China’s SWIFT Move

China’s SWIFT Move follows Russia in adopting a SWIFT alternative – before possible sanctions strike it. China International Payment System (CIPS) fully complies with standards and is due to be launched in September or October.


Russia and China work on own payment systems Geopolitical crisis in Ukraine exposed many problems, including economic ones. Total dependence of most financial transfers on the SWIFT payment system is one of the key issues. SWIFT is a Brussels-based global banking transaction processing utility controlled by the United States.

Every time new sanctions against Russia were discussed, Western politicians permanently threatened to disconnect Russia from SWIFT. However, the system’s representatives said they had no intention to do that. Considering such scenario, the Russian government ordered to create its own national payment system.


Today, 91 Russia’s credit institutions have been incorporated into a newly launched Russian domestic analogue of SWIFT. Currently, there is a patchwork of multiple clearing houses that process renminbi payments, thus making the process more complicated and time-consuming.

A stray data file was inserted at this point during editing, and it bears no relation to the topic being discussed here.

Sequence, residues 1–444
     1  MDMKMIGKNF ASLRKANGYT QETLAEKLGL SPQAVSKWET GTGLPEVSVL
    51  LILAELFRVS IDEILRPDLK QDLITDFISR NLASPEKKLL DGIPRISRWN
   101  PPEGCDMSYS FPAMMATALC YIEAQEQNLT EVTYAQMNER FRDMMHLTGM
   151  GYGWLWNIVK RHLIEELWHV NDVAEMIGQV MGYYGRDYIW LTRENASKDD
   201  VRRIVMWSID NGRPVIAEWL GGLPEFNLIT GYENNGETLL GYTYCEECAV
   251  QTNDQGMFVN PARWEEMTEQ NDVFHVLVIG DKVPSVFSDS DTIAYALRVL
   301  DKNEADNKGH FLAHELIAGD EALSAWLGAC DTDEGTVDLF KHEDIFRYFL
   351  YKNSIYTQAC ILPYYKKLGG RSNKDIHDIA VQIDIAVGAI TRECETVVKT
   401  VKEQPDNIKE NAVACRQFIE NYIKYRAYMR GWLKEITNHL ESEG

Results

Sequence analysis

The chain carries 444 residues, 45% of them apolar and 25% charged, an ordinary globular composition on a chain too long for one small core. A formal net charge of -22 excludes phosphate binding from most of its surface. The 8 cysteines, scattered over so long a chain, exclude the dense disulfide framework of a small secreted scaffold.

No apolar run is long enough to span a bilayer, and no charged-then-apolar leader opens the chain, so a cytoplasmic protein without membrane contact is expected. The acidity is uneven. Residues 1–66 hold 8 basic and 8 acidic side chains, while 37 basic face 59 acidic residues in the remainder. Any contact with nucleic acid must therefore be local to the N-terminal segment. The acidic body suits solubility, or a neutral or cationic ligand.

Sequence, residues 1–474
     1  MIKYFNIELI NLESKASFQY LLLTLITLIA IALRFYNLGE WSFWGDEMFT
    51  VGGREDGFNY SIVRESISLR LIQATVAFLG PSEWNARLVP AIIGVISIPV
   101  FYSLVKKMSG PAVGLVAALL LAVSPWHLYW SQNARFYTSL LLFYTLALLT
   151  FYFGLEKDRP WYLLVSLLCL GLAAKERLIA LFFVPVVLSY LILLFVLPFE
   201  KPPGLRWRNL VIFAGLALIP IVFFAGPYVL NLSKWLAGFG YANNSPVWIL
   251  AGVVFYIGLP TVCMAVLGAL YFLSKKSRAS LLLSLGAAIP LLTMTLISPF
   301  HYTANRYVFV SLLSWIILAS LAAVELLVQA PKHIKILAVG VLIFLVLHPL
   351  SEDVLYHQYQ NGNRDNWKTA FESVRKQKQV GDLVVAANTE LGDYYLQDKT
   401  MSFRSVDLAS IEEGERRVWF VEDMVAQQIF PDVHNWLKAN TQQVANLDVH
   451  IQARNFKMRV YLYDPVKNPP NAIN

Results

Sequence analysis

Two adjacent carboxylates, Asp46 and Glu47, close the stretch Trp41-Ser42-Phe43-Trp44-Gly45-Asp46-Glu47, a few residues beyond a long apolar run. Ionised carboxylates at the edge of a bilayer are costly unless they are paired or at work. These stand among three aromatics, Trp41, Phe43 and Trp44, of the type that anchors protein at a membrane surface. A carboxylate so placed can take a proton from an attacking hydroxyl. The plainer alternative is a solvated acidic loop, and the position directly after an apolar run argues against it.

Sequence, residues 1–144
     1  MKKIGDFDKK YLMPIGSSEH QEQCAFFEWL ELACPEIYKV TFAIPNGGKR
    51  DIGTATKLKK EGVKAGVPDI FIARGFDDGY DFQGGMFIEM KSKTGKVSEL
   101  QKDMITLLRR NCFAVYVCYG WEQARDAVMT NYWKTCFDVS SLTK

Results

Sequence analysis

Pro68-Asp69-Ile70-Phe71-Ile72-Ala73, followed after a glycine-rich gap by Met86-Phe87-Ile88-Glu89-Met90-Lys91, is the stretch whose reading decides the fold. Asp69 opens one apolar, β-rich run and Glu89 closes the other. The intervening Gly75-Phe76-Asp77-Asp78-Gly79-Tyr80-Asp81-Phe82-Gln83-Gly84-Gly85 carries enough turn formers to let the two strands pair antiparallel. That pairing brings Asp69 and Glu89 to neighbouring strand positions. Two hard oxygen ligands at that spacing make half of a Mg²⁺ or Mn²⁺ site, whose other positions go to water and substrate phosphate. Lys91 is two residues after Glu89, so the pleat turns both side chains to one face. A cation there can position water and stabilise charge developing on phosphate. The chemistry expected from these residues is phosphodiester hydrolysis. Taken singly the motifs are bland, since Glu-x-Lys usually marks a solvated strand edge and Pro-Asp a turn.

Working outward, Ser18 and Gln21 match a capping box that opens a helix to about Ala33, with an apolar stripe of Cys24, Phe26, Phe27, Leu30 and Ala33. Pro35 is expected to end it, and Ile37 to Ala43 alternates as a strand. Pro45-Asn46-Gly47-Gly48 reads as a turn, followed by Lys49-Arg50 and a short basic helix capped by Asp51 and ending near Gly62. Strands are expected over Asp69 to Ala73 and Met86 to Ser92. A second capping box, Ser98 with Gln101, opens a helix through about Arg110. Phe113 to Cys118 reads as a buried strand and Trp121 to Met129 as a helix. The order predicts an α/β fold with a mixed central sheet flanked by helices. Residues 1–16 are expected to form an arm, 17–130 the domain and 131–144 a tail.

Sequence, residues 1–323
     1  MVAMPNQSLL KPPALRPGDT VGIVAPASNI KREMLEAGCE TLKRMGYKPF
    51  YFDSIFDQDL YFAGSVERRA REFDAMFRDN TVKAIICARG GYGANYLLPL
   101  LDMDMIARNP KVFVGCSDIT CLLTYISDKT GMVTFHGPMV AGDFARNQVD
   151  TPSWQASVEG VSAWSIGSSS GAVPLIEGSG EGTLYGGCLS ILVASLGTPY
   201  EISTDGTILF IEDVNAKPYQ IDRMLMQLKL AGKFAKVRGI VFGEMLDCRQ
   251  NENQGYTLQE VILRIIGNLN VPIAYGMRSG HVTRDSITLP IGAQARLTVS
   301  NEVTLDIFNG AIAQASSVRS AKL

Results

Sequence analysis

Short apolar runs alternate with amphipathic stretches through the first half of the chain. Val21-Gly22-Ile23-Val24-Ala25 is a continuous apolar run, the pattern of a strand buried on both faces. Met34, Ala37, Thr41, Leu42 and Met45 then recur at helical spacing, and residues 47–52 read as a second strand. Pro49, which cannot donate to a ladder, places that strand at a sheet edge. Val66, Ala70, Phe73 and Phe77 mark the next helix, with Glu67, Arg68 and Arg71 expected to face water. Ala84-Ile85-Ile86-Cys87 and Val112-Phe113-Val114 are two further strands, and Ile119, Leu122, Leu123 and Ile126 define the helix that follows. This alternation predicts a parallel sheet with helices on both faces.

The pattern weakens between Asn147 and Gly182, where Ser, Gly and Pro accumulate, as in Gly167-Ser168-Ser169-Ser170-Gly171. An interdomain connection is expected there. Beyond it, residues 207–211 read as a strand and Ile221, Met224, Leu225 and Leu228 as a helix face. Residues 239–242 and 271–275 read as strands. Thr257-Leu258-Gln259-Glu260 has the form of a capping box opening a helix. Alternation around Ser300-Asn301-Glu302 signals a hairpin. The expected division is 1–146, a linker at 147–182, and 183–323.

The launch of the CIPS will remove existing hurdles to internationalizing the yuan and will greatly boost the global use of the Chinese currency. Commenting on the measures China is taking, experts say that the system could be launched in 2015 but it is most likely that it will come on stream in 2016.

However, there is little doubt that sooner or later the CIPS will gain recognition in the financial world. Last autumn, the yuan was among the top five most-used currencies in the SWIFT system, regardless of difficulties associated with different languages and codes. A single platform will significantly increase the popularity of the Chinese currency.